In battle over faith-based adoption agencies and LGBTQ rights, advocates clash over what’s best for kids
The Supreme Court will hear a case involving a Catholic adoption agency in Philadelphia
SALT LAKE CITY — State officials across the country have struggled for years to balance the rights of LGBTQ couples and the faith-based foster care agencies that, for religious reasons, won’t evaluate their eligibility to adopt. Now, the Supreme Court will take up the challenge.
Justices announced Monday that they will hear Sharonell Fulton, et al. v. City of Philadelphia, a case pitting Catholic Social Services and two foster moms against city officials who say religious freedom protections don’t overrule nondiscrimination rules.
LGBTQ rights advocates argue that a ruling in favor of faith-based adoption agencies would reduce the pool of prospective foster parents and harm children in need of new homes. The possibility of being treated differently than straight couples could deter same-sex couples from getting involved in the child welfare system, said Leslie Cooper, deputy director of the ACLU LGBT & HIV Project, in a statement.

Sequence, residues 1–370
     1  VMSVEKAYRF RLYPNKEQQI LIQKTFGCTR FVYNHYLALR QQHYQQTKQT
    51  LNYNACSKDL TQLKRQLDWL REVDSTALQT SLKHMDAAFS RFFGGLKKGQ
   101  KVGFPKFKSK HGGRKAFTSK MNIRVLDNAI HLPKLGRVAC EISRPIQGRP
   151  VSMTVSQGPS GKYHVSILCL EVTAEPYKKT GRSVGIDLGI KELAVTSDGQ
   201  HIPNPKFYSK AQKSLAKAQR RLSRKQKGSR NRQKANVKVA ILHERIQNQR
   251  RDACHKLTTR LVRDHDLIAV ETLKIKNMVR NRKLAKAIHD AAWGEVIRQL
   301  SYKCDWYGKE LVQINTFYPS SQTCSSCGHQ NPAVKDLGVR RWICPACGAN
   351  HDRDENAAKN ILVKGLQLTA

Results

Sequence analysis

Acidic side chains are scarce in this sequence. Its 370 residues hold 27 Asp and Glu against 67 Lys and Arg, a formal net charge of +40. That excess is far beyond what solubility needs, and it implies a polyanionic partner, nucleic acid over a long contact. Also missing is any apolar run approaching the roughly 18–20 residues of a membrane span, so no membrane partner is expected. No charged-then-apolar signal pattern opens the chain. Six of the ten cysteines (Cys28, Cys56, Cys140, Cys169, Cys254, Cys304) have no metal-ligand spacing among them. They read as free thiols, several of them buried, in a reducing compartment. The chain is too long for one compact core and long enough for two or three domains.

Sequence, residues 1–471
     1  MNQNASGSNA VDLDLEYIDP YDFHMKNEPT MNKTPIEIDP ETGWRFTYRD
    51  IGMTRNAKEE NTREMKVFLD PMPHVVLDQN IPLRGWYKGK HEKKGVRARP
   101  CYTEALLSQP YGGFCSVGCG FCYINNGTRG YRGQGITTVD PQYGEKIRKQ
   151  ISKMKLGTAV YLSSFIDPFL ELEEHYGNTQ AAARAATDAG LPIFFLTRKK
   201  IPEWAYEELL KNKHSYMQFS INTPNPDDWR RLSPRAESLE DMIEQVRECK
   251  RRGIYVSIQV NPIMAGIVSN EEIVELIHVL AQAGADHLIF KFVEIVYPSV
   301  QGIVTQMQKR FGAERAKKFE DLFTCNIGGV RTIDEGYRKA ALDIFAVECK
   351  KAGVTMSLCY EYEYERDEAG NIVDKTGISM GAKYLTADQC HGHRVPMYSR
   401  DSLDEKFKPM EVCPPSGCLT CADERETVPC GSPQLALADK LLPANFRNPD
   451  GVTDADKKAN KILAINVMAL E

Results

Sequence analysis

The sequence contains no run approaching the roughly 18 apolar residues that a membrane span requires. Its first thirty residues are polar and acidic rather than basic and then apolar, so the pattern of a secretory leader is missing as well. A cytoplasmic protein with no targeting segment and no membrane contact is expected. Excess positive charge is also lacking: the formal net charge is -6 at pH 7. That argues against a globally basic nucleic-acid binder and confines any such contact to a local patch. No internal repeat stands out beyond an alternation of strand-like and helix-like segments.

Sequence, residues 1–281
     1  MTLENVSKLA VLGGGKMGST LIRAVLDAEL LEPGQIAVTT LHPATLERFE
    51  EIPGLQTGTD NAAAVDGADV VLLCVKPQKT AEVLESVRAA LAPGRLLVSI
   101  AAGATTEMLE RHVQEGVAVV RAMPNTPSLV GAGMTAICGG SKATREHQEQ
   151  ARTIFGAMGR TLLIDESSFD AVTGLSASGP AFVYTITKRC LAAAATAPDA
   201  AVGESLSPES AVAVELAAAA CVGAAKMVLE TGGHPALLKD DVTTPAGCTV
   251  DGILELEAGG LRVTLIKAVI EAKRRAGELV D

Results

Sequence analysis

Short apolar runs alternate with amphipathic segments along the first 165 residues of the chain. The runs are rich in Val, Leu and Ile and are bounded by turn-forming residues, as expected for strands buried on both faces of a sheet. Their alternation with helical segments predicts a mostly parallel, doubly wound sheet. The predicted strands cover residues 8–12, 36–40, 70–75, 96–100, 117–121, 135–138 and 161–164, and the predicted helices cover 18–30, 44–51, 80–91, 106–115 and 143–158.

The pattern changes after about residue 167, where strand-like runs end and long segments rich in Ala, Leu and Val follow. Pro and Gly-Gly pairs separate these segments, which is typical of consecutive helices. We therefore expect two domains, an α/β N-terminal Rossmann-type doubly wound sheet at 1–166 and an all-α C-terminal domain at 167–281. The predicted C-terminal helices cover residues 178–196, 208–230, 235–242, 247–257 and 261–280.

“We already have a severe shortage of foster families willing and able to open their hearts and homes to these children. Allowing foster care agencies to exclude qualified families based on religious requirements that have nothing to do with the ability to care for a child such as their sexual orientation or faith would make it even worse,” she said.
However, when faith-based foster care agencies are forced to comply with LGBTQ nondiscrimination requirements, some choose to close rather than violate their religious beliefs. The child welfare system functions best when many different types of agencies are able to recruit and train foster families, said Lori Windham, senior counsel at The Becket Fund for Religious Liberty, in a statement.
“Over the last few years, agencies have been closing their doors across the country, and all the while children are pouring into the system. We are confident that the court will realize that the best solution is the one that has worked in Philadelphia for a century — all hands on deck for foster kids,” she said.